There are approximately 80-100 tropical storms annually and about half of these storms become full-fledged hurricanes. It is at 74 mph or 119 km/hr that a tropical storm becomes a hurricane. Hurricanes can be from 60 to almost 1000 miles wide. They vary widely in intensity; their strength is measured on the Saffir-Simpson scale from a weak category 1 storm to a catastrophic category 5 storm. There were only two category 5 hurricanes with winds over 156 mph and a pressure of less than 920 mb (the world’s lowest pressures ever recorded were caused by hurricanes) that struck the United States in the 20th century. The two were a 1935 hurricane that struck the Florida Keys and Hurricane Camille in 1969. Only 14 category 4 storms hit the U.S. and these included the nation’s deadliest hurricane – the 1900 Galveston, Texas hurricane and Hurricane Andrew which hit Florida and Louisiana in 1992.

Hurricane damage results from three primary causes:

  • Storm Surge. Approximately 90% of all hurricane deaths can be attributed to the storm surge, the dome of water created by the low pressure center of a hurricane. This storm surge quickly floods low-lying coastal areas with anywhere from 3 feet (one meter) for a category one storm to over 19 feet (6 meters) of storm surge for a category five storm. Hundreds of thousands of deaths in countries such as Bangladesh have been caused by the storm surge of cyclones.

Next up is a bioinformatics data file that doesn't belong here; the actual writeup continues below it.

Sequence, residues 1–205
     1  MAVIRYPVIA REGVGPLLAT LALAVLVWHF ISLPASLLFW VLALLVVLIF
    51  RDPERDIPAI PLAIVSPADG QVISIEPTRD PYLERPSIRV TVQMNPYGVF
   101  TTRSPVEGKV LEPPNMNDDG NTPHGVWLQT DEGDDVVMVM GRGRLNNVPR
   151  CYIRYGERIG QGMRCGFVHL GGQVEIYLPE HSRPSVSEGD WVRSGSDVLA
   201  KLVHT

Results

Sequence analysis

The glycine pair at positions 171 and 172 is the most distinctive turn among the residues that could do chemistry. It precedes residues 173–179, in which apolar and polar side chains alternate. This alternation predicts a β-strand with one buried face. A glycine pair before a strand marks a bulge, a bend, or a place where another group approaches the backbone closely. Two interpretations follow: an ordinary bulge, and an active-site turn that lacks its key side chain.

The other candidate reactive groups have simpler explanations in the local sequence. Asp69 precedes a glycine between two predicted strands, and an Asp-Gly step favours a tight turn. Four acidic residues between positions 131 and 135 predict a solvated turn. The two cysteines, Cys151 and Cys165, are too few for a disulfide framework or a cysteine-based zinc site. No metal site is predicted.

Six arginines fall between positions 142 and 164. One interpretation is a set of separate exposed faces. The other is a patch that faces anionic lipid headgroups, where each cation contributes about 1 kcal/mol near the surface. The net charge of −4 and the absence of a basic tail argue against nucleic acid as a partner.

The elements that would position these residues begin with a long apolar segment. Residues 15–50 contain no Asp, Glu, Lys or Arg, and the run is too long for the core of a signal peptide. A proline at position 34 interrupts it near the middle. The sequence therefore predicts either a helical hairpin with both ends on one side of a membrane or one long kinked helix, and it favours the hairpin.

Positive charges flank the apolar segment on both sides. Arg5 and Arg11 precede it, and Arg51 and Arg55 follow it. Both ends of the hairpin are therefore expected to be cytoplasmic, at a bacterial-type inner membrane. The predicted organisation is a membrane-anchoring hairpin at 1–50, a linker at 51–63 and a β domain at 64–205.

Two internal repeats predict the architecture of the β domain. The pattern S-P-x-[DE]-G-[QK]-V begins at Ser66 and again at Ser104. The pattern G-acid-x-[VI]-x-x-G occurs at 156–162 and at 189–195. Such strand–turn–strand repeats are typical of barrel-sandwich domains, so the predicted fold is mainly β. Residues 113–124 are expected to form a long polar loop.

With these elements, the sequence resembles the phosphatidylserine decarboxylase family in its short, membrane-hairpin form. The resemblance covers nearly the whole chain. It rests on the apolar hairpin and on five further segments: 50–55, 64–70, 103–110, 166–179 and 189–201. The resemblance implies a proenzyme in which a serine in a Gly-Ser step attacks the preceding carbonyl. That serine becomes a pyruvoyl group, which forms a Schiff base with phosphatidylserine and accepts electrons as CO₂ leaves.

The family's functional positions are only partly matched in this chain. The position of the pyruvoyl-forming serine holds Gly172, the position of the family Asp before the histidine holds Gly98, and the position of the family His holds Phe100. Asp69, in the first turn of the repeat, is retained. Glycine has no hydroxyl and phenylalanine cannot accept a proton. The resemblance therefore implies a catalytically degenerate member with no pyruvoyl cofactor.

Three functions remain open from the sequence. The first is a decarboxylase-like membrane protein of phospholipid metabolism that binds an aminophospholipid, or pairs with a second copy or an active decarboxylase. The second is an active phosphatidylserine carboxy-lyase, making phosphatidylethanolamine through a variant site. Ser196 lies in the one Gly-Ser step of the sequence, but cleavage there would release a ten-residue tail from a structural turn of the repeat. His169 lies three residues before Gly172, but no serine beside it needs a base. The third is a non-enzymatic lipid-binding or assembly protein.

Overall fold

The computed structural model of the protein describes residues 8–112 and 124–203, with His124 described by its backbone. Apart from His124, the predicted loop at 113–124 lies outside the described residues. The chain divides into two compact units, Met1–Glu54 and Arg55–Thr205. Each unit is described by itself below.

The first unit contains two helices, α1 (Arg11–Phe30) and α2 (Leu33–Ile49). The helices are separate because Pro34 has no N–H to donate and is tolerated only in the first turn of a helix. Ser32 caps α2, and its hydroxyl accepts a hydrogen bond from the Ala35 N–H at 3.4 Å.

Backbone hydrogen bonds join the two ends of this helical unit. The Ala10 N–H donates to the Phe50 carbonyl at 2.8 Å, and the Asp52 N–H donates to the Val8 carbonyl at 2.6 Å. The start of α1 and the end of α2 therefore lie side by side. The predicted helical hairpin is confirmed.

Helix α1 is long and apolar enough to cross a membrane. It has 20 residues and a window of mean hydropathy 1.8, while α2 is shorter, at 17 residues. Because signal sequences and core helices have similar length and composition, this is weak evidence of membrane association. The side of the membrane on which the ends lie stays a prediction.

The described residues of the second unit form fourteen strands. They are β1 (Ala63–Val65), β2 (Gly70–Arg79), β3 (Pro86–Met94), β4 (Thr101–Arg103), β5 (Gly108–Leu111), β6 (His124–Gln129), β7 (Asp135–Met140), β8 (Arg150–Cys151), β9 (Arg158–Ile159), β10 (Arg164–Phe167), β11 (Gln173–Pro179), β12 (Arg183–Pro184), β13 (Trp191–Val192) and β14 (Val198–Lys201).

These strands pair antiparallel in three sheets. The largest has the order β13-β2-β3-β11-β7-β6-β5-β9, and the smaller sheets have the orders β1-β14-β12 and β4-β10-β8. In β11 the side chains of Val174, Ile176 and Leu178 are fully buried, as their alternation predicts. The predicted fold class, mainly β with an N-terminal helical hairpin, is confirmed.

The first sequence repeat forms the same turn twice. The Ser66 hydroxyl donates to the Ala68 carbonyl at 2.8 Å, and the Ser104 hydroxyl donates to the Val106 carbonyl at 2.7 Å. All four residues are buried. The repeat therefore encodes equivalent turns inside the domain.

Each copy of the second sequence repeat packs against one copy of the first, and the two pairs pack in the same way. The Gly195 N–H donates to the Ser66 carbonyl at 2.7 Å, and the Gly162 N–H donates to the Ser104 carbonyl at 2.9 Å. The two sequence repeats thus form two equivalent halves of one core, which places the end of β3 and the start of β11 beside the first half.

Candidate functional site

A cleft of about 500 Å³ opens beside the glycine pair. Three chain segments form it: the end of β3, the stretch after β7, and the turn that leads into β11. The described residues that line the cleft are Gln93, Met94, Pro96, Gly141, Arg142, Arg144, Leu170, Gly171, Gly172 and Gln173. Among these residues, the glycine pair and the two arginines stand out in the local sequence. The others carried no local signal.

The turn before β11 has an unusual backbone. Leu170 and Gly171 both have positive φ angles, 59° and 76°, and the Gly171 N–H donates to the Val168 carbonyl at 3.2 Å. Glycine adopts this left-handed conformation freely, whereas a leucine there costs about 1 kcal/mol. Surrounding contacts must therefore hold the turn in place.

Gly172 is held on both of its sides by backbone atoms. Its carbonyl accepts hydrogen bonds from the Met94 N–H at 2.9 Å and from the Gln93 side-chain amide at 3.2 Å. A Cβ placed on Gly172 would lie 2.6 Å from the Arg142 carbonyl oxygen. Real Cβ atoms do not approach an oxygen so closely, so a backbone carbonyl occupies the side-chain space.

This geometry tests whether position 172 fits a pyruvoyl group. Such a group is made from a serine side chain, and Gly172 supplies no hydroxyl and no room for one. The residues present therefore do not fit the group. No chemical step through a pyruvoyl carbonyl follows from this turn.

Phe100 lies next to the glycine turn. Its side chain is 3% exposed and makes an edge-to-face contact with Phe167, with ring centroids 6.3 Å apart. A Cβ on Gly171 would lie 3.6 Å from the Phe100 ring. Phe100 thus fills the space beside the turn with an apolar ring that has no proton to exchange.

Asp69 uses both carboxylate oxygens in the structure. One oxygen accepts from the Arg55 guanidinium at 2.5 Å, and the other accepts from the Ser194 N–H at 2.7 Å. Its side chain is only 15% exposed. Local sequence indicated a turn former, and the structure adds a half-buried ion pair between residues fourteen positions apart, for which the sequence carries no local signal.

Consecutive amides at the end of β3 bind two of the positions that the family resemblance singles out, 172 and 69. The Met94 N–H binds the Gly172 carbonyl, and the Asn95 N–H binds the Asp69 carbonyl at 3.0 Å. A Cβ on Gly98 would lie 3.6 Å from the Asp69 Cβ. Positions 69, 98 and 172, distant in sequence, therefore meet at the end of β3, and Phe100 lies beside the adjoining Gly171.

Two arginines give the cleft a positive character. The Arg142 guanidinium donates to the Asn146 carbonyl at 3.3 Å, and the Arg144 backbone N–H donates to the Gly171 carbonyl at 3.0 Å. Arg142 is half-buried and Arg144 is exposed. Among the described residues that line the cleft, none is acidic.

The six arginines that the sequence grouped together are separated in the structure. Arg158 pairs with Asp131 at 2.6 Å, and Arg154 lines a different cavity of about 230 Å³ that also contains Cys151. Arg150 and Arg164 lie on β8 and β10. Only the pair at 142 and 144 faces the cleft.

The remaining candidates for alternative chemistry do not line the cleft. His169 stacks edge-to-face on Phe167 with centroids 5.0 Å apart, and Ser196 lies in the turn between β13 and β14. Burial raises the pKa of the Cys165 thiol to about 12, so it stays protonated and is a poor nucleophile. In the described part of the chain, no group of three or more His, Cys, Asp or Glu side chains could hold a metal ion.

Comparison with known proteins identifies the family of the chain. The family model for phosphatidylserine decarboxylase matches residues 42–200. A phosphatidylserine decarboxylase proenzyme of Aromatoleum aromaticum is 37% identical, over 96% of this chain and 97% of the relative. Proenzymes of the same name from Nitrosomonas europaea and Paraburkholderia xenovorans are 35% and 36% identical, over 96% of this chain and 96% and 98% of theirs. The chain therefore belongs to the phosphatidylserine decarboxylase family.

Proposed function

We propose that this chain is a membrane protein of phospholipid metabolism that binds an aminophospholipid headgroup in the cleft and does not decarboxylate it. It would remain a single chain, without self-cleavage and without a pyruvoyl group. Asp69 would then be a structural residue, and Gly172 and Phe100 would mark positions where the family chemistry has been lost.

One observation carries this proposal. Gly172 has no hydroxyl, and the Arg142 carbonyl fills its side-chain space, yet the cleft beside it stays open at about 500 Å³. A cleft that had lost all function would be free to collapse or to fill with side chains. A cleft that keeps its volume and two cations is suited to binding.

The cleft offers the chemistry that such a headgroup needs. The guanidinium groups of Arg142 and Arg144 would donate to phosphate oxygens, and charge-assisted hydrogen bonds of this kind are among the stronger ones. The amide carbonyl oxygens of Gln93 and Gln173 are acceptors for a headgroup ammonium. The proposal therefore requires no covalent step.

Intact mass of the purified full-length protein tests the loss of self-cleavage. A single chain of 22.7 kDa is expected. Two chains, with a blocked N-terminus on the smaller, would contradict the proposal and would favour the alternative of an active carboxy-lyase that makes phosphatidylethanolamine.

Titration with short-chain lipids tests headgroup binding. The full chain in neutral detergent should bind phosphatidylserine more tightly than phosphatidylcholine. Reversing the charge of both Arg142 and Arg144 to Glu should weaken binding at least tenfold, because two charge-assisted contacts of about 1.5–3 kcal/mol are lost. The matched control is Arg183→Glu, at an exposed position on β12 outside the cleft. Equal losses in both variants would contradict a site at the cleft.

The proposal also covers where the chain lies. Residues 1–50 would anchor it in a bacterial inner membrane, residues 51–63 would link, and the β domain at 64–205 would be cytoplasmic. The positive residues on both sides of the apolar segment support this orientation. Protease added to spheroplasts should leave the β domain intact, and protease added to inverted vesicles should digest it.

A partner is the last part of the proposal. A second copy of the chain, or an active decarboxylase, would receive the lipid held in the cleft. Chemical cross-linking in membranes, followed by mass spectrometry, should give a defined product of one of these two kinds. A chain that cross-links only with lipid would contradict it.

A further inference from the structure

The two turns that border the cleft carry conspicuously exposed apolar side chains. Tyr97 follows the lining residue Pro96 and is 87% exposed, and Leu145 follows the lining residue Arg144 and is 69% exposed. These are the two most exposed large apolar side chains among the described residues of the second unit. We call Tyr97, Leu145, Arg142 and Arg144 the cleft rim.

• Wind Damage. The strong, at least 74 mph or 119 km/hr, winds of a hurricane can cause widespread destruction far inland of coastal areas, destroying homes, buildings, and infrastructure.
  • Freshwater Flooding. Hurricanes are huge tropical storms and dump many inches of rain over a widespread area in a short period of time. This water can engorge rivers and streams, causing hurricane-induced flooding.

Unfortunately, polls find that about half of Americans living in coastal areas are unprepared for a hurricane disaster. Anyone living along the Atlantic Coast, the Gulf Coast and the Caribbean should be prepared for hurricanes during hurricane season.

Fortunately, hurricanes ultimately diminish, reverting to tropical storm strength and then into a tropical depression when they move over cooler ocean water, move over land, or reach a position where the upper level winds are too strong and are thus unfavorable.

 Hurricane Strength (Classification)

The Saffir-Simpson Hurricane Scale is utilized to determine the relative strengths of hurricanes that may impact the United States coast. Since the 1990s, only wind speed has been used to categorize hurricanes.

  • Category One Hurricane
    Maximum Sustained Wind Speed: 74-95 miles per hour
    Damage Category: Minimal
    Approximate Pressure: Above 980 mb
    Approximate Storm Surge: 3-5 feet
    Examples: Hurricane Lili (2002) in Louisiana; Hurricane Gaston (2004) in South Carolina
  • Category Two Hurricane
    Maximum Sustained Wind Speed: 96-110 miles per hour
    Damage Category: Moderate
    Approximate Pressure: 979-965 mb
    Approximate Storm Surge: 6-8 feet
    Example: Hurricane Isabel (2003) in North Carolina
  • Category Three Hurricane